The aim of the PRIIPs Regulation is to help retail investors to better understand and compare the key features, risks, rewards and costs of different retail products, by requiring that retail investors are provided with information in a short, consumer-friendly document.
Packaged retail and insurance-based investment products (PRIIPs) include all (new and existing) alternative investment funds ("AIFs"), regardless of domicile, that are available to retail investors in the EU. From 1 January 2018, for each such PRIIP, retail investors must be provided with a standardised key information document (KID) pre-investment.
While the primary obligation to prepare a KID falls on 'manufacturers' of PRIIPs, such as alternative investment fund managers (AIFMs) and self-managed AIFs, any person selling or advising on a PRIIP to retail investors will be under an obligation to provide a copy of the KID. A PRIIP manufacturer is any entity that (a) manufactures PRIIPs or (b) makes changes to an existing PRIIP including, but not limited to, altering its risk and reward profile or the costs associated with an investment in a PRIIP. Neither the PRIIP manufacturer nor the PRIIP need to be EEA entities to be caught by the PRIIPs Regulation. All self-managed funds, fund managers and distributors of interests in funds that could have retail investors in the EEA should consider what steps they need to take to comply in good time for 1 January 2018. Note that retail investors include sophisticated investors and high net-worth individuals as well as local and public authorities. However, it is possible to opt up retail investors to professional investor status, but, in order to do so, these investors must comply with onerous quantitative and qualitative tests.
Although the PRIIPs Regulation does not itself distinguish between listed and private funds, because of the way listed funds are marketed and freely traded the PRIIPs Regulation should be of particular interest to listed funds, their managers/advisers and book runners.
The PRIIPs Regulation sets out the format and content of a KID that must be provided to retail investors who are considering whether to buy a PRIIP. The KID is intended to be a simple, clear standalone document, which will be no more than three A4 pages long. Content-wise, the PRIIPs KID is similar to the UCITS Key Investor Information Document, but the PRIIPs KID will contain questions, such as: What is this product? What are the risks and what could I get in return? What happens if the manufacturer is unable to pay out? What are the costs? How long should I hold it and can I get my money out early? How can I complain? The cost disclosures are very detailed (and potentially different from MiFID II cost disclosures). More detailed rules on preparing KIDs are due to be contained in a Delegated Regulation setting out regulatory technical standards.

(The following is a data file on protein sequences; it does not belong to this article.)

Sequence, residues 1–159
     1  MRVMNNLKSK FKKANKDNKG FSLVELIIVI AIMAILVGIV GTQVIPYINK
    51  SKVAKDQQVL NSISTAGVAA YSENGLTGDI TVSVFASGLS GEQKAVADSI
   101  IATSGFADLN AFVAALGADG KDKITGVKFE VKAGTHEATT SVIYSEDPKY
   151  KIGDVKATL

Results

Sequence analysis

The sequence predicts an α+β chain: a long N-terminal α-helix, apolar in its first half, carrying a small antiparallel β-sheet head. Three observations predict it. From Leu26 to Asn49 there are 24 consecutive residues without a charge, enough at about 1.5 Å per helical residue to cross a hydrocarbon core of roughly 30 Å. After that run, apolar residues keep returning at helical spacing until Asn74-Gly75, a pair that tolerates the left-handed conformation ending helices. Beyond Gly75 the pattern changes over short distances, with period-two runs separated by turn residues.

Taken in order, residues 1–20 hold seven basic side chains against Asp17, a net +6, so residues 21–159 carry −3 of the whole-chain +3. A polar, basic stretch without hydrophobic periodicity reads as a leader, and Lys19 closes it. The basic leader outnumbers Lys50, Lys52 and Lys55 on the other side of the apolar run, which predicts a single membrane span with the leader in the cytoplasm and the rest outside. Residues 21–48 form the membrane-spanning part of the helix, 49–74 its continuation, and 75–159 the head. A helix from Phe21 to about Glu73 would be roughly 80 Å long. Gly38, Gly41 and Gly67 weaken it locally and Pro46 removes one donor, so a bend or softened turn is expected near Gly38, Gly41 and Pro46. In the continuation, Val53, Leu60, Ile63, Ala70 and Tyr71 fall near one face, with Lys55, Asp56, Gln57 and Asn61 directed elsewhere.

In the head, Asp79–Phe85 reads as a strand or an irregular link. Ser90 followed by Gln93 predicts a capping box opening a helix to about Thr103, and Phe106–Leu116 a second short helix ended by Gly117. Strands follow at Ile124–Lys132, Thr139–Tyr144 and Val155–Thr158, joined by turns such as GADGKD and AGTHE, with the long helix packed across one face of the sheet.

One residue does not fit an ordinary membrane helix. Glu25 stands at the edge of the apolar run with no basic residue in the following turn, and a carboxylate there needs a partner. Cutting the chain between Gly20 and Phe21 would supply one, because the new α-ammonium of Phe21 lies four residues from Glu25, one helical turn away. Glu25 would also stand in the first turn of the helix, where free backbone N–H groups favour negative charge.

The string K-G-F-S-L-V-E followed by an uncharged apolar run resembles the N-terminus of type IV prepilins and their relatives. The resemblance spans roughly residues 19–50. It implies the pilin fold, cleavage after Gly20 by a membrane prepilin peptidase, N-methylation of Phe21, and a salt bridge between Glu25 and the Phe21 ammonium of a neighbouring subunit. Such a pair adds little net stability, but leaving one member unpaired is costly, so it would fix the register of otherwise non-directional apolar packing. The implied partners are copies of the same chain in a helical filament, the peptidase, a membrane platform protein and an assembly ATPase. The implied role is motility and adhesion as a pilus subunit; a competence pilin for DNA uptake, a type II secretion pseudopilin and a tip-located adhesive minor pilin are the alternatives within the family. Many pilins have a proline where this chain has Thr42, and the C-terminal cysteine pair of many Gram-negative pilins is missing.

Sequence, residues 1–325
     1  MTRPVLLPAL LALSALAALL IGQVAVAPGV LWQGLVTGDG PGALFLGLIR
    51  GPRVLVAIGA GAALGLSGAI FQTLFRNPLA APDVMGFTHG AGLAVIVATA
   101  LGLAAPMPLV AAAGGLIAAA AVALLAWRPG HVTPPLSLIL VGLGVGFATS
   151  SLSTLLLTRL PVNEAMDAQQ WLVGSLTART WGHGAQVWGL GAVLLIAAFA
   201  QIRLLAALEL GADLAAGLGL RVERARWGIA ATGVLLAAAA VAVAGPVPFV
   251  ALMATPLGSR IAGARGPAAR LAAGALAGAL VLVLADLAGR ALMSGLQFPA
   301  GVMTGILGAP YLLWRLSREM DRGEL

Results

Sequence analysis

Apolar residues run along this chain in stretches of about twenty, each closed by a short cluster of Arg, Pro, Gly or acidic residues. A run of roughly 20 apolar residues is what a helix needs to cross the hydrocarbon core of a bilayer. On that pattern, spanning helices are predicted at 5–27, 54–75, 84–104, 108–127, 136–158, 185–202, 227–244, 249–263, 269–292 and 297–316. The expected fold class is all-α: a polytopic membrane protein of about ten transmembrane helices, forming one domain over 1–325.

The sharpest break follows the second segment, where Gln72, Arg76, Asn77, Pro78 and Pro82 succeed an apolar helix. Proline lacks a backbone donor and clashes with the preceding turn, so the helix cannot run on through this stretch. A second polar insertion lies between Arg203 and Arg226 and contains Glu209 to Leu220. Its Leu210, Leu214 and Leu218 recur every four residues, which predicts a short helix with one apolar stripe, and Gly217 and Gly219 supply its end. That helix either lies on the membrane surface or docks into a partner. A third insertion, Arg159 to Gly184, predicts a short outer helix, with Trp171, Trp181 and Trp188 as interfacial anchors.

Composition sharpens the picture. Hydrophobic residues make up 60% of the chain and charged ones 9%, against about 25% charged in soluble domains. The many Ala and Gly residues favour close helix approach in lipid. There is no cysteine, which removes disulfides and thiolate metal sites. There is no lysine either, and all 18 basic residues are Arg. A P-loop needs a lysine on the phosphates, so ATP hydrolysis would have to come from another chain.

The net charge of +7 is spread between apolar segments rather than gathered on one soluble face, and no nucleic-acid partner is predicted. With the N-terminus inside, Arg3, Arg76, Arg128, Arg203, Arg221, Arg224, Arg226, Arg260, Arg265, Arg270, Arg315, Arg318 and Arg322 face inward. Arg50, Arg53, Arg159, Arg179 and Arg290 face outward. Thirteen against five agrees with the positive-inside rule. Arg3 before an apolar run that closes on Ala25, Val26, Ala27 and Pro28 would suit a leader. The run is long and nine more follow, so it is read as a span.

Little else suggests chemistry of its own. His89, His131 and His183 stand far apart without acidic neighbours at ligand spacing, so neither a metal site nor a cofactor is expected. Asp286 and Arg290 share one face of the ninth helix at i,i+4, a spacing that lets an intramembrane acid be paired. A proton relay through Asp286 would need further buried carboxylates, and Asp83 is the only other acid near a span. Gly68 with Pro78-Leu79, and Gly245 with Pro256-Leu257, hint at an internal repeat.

Where are we now and when do we have a final PRIIPs framework in place?
After the European Parliament's rejection of the RTS on the format and content of the KID, both the Parliament and a large majority of member states also called for a postponement in the entry into application of the PRIIPs Regulation. The Commission is now working with the European Supervisory Authorities ("ESAs") (that is, the European Banking Authority, the European Insurance and Occupational Pensions Authority and the European Securities and Markets Authority) to resubmit the revised RTS (anticipated on 21 December 2016). In particular, the Commission has now asked the ESAs to make targeted changes in certain areas (including multi-option products and performance scenarios).
The Commission's expectation is that the revised PRIIPs framework should be in place during the first half of 2017 and apply as of 1 January 2018.
Liability and Penalties
If a retail investor can demonstrate loss resulting from reliance on a KID (including a translation) that was misleading, inaccurate or inconsistent with relevant parts of legally binding pre-contractual or contractual documents or with the content requirements, they can claim damages from the PRIIP manufacturer in accordance with the relevant national law (e.g., usually English law for a typical London listed fund). The right to claim damages cannot be waived in the investment contract.
Otherwise, each member state must set its own administrative sanctions that are "effective, proportionate and dissuasive". The Regulation allows these to include orders prohibiting the marketing of a fund. Administrative fines can be up to EUR 5 million, 3% of the total annual turnover or twice the profits gained or losses avoided because of the infringement, or even higher if required by a member state.
The impact of Brexit
Since the UK would not leave the European Union until two years after an Article 50 notification has been made, those affected will need to comply by 1 January 2018 even if their only EEA nexus is the UK. Even if the UK did not remain an EEA state after leaving the EU, funds with other EEA retail investors would still need to comply. For equivalence purposes, the UK could also implement rules similar to the PRIIPs Regulation into its national legislation.
What to do now?
Manufacturers of PRIIPs
- Start soon to prepare the KID so that it is ready for 1 January 2018 (especially if it needs to be translated into other languages by then too)
- before commencing any marketing on or after 1 January 2018, obtain advice from EEA member states on whether the KID needs to be filed with the local regulatory authority first
Persons advising on or selling PRIIPS
- contact the relevant PRIIP manufacturer to ensure that a KID will be available from 1 January 2018
- consider amending sales procedures to take account of the PRIIPs Regulation requirements.
- 21 December 2016 – ESAs to submit a revised opinion on the RTS
- 1 January 2018 – Effective date of PRIIPs Regulation
- 31 December 2019 – End of transitional period for UCITS (and NURS with KIIDs)